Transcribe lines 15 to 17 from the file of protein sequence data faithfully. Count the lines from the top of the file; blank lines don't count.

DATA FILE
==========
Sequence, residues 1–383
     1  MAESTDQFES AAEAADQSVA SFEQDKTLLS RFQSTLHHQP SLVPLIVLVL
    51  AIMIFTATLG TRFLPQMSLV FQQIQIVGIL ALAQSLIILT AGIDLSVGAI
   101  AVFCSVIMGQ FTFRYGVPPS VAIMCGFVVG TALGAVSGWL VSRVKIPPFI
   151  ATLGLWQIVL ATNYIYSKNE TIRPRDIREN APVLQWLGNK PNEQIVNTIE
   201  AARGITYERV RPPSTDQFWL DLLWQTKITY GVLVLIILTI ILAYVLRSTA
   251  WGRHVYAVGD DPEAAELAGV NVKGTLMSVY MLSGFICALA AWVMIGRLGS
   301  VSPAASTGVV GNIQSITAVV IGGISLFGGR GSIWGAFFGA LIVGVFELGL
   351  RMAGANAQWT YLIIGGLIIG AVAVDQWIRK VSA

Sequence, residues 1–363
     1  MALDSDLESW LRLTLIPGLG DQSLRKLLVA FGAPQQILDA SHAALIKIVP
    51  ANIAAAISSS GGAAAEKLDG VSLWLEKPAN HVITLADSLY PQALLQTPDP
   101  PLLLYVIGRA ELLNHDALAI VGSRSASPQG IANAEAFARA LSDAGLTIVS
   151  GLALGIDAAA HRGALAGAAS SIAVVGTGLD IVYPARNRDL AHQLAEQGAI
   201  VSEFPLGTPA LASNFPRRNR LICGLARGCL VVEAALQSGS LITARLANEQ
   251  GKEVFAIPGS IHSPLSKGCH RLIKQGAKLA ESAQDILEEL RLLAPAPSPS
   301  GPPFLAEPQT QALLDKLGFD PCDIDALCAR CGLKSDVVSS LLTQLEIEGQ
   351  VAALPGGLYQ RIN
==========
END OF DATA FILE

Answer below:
   201  VSEFPLGTPA LASNFPRRNR LICGLARGCL VVEAALQSGS LITARLANEQ
   251  GKEVFAIPGS IHSPLSKGCH RLIKQGAKLA ESAQDILEEL RLLAPAPSPS
   301  GPPFLAEPQT QALLDKLGFD PCDIDALCAR CGLKSDVVSS LLTQLEIEGQ